Do I need more organisms & nutrients, are they depleted after several months?  Probably not, but it doesn't seem to hurt.  And it makes me feel like I'm doing all I can to give my plants a good 'diet', like they give me.  Wink 

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Post  boffer 12/28/2013, 10:27 pm

Does aluminum foil make a good reflector for grow lights?

When using lights for starting transplants indoors, or growing plants indoors, some gardeners will put a reflective surface under the plants and on the walls surrounding the plants and lights, so the plants will receive as much light as possible.

There seems to be two strong opposing opinions about aluminum foil.

One, it works just fine.

Two, stay away from it at all costs.

About all I've been able to find is anecdotal opinions.
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Post  camprn 12/28/2013, 10:48 pm

I found some stuff, but it seems the quality of the light source is more important than reflecting a poor light source. there is a lot of lingo in this that I don't understand.
http://www.cornellcea.com/research/lighting/cyclopticsHID.html

http://www.uaf.edu/files/ces/publications-db/catalog/anr/HGA-00336.pdf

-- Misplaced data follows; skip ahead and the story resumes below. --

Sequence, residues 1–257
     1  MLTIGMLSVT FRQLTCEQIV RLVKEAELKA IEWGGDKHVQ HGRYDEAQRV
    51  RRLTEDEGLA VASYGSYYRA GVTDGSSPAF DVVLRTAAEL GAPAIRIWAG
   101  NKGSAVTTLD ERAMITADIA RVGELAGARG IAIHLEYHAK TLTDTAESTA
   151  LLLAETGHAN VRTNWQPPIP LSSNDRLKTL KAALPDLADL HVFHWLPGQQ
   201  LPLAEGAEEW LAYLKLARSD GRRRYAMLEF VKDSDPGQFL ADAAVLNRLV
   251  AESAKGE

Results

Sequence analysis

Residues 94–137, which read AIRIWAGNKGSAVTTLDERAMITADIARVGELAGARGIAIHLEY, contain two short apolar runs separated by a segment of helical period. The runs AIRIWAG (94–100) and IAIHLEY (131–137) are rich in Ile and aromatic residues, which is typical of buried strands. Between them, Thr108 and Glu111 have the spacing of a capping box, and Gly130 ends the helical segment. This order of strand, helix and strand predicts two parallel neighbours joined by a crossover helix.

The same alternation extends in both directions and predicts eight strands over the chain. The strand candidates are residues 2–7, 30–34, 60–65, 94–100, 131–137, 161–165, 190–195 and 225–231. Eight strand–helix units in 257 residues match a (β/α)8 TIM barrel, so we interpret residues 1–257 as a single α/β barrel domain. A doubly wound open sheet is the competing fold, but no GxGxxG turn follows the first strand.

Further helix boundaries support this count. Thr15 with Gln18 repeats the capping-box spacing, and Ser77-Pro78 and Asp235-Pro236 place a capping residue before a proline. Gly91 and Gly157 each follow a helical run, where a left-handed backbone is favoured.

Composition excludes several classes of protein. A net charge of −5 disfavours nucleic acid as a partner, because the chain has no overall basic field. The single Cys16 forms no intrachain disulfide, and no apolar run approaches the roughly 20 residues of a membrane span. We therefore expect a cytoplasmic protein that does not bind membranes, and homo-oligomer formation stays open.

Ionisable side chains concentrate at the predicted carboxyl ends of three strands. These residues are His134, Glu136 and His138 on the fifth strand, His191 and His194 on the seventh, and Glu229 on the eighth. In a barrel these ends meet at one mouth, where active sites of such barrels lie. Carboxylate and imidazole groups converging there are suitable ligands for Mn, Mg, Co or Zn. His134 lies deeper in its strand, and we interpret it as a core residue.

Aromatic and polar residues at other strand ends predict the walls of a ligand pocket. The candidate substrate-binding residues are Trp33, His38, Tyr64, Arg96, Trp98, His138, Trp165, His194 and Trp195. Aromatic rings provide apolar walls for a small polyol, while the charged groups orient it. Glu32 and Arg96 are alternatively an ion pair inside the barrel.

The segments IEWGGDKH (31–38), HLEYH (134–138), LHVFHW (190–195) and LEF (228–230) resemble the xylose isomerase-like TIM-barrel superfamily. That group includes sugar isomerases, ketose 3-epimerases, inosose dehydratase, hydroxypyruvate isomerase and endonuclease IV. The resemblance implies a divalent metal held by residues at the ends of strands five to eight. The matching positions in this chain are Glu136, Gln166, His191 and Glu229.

I have not yet found anything empirical about reflective foil or colored film improving seedling growth.

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Post  boffer 12/28/2013, 10:51 pm

This is the only source I've found by someone who at least has the background to sound like he knows what he's talking about!

http://www.tomatoville.com/showpost.php?s=37395eb9fae8efb2368c1aba8977215d&p=313755&postcount=3
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Post  boffer 12/28/2013, 11:13 pm


This link is a goldmine!  Truth or Myth? Garden Lore Explored - Page 2 3170584802 

Nothing about aluminum foil, but all the facts a person needs to determine lighting requirements, heating requirements, shade requirements, ventilation specs, energy costs, and more, for either indoor or greenhouse growing. Definitely worth book marking.
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Post  camprn 12/28/2013, 11:14 pm

@boffer wrote:

This link is a goldmine!   Truth or Myth? Garden Lore Explored - Page 2 3170584802 

Nothing about aluminum foil, but all the facts a person needs to determine lighting requirements, heating requirements, shade requirements, ventilation specs, energy costs, and more, for either indoor or greenhouse growing.  Definitely worth book marking.
Well......... Good!  What a Face 

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Post  camprn 2/15/2014, 1:21 pm


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Post  boffer 2/15/2014, 1:38 pm

Thanks, camp, there's some good ones on that list.
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Post  camprn 3/10/2014, 2:26 pm

OK, new myth /truth... Please someone do some research regarding this claim that aspirin boosts tomato plant immune system.  thinking 
Can anyone find empirical study? or 3?